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When Species Meet (Posthumanities) Paperback – 26 Nov 2007

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Product details

  • Paperback: 360 pages
  • Publisher: University of Minnesota Press (26 Nov. 2007)
  • Language: English
  • ISBN-10: 0816650462
  • ISBN-13: 978-0816650460
  • Product Dimensions: 14.9 x 3.3 x 22.9 cm
  • Average Customer Review: 4.0 out of 5 stars  See all reviews (4 customer reviews)
  • Amazon Bestsellers Rank: 59,345 in Books (See Top 100 in Books)

Product Description

Review

Donna Haraway's latest book, "When Species Meet," is a stunning meditation on the ordinary. Tying together questions of interspecies encounters and alternative practices of world building, Haraway explores how contemporary human beings interact with various critters to form meanings, experiences, and worlds. The text effortlessly slides between theory and autobiography; one of the driving connections in this regard is Ms. Cayenne Pepper, an Australian sheepdog whose "darter-tongue kisses" compel Haraway to look closely at what biologist Lynn Margulis calls "symbiogenesis," a process that explains how life forms continually intermingle, leading to ever more "intricate and multidirectional acts of association of and with other life forms." From lab animals to interspecies love to breeding purebreds, Haraway ensures that her readers will never look at human-animal encounters of any sort in the same way again.
While those familiar with Haraway's oeuvre will find numerous connections to her earlier work, she does an excellent job of narrating how she came to the questions at the heart of "When Species Meet "and (perhaps most importantly) what is at stake for her in these questions, politically and otherwise. Of particular interest to philosophy buffs are Haraway's gratifying critiques of Gilles Deleuze and FElix Guattari's well-known writing on "becoming-animal"; these critiques arise as part of Haraway's overall challenge to the boundaries between "wild" or "domestic" creatures. Similarly, her response to Jacques Derrida's ruminations on animals reveals the provocations that can arise from work that pokes holes in conventional disciplinary engagements with any given topic. Haraway's willingness to take on both biology and philosophy, to cite only two of her resources, results in suggestive insights on a number of issues, but especially (with Derrida, et. al.) regarding the question of what it means to take animals seriously.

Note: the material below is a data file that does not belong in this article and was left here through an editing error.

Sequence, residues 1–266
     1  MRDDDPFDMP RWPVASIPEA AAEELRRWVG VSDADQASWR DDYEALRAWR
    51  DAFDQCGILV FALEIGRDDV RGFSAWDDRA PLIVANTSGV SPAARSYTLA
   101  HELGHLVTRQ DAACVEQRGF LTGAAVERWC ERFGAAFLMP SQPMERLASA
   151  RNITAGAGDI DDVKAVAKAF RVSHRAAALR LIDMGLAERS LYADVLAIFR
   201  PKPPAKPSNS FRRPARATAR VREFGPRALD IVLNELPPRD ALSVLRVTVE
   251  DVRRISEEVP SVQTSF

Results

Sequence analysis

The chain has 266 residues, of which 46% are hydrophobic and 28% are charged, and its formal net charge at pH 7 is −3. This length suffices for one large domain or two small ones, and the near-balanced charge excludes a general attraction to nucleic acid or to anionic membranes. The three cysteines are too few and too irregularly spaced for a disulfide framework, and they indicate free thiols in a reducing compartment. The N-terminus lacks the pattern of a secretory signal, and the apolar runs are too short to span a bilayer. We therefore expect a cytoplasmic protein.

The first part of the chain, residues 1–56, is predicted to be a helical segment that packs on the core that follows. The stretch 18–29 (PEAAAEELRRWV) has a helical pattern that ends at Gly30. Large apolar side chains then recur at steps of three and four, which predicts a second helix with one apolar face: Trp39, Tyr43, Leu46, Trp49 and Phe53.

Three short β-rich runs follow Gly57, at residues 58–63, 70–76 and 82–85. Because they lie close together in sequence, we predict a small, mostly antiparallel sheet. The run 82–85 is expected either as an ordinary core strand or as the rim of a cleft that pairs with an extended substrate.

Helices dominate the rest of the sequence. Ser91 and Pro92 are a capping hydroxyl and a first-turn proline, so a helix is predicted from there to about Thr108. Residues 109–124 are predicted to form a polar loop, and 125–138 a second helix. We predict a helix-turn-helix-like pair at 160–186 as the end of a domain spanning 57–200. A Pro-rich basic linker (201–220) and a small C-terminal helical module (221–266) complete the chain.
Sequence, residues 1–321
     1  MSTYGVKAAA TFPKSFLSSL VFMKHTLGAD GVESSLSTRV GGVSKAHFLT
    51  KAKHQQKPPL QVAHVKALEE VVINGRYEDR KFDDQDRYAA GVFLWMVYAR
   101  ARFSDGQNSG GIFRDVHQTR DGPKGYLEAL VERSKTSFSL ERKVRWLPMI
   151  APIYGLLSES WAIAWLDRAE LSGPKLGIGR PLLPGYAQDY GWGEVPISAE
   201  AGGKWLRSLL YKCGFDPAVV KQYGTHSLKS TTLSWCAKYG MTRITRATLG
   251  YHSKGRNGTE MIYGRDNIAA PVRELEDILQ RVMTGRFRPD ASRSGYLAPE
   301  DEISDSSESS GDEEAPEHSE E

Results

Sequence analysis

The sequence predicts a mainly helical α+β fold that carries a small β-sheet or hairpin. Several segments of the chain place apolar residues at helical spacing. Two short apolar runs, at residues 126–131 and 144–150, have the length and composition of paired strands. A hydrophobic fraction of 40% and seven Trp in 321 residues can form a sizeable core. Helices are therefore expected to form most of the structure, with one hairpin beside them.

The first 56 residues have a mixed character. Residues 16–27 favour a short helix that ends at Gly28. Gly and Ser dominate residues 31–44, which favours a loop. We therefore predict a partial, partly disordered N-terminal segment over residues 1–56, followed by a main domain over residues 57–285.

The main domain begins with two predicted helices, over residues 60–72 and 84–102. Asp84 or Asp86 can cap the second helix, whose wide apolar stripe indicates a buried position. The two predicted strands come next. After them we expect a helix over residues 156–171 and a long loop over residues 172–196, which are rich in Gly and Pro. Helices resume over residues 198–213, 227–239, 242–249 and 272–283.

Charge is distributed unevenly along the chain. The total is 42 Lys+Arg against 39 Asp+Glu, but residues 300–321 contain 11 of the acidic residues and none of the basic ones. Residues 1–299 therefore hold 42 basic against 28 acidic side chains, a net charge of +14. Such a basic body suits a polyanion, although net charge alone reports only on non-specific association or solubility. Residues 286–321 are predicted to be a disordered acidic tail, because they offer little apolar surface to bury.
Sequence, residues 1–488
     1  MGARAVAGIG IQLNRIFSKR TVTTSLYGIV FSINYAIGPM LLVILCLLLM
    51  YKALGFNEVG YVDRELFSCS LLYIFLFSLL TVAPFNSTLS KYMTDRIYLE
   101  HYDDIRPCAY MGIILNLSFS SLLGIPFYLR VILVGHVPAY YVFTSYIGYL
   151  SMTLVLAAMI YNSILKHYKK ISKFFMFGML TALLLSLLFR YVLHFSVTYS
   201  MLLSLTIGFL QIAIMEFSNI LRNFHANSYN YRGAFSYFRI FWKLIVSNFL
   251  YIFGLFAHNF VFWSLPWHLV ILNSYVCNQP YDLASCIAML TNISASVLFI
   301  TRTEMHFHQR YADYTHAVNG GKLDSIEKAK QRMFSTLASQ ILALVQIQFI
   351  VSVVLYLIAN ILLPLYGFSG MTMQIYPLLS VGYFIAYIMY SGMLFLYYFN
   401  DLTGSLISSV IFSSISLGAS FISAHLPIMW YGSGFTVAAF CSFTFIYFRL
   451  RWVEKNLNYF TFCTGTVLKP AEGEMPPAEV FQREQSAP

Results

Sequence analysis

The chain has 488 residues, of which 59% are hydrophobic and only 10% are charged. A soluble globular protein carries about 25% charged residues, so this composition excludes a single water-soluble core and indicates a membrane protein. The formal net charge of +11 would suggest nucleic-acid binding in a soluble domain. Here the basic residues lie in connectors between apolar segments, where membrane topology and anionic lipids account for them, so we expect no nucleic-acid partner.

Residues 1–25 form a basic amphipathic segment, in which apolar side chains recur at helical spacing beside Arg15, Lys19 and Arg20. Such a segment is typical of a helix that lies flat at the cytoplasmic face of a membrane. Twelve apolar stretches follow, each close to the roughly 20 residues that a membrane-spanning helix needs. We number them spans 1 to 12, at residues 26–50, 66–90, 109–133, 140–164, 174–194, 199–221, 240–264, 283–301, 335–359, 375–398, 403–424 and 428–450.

I found Haraway's considerable enthusiasm and knowledge in "When Species Meet "to be invigorating. This book should appeal to a broad audience including animal lovers, scientists and their allies, theorists, and people who love random and little known information (e.g., the history of imported North American gray wolves during South African apartheid). While Haraway emphasizes that her desire to look more carefully at companion species, those "who eat and break bread together but not without some indigestion," does not come with any guarantees, she infectiously believes that there is a good deal at stake in the mundane and extraordinary details of the co-shaping species she documents across these pages. Given her hope for the worldly orientations, such as curiosity and respect, that might be cultivated by looking at companion species differently, it is appropriate that she begins and ends the text by reminding us that "[t]here is no assured happy or unhappy ending -- socially, ecologically, or scientifically. There is only the chance for getting on together with some grace."
Review by Marie Draz, "Feminist Review "Blog
"
"

Donna Haraway s latest book, "When Species Meet," is a stunning meditation on the ordinary. Tying together questions of interspecies encounters and alternative practices of world building, Haraway explores how contemporary human beings interact with various critters to form meanings, experiences, and worlds. The text effortlessly slides between theory and autobiography; one of the driving connections in this regard is Ms. Cayenne Pepper, an Australian sheepdog whose darter-tongue kisses compel Haraway to look closely at what biologist Lynn Margulis calls symbiogenesis, a process that explains how life forms continually intermingle, leading to ever more intricate and multidirectional acts of association of and with other life forms. From lab animals to interspecies love to breeding purebreds, Haraway ensures that her readers will never look at human-animal encounters of any sort in the same way again.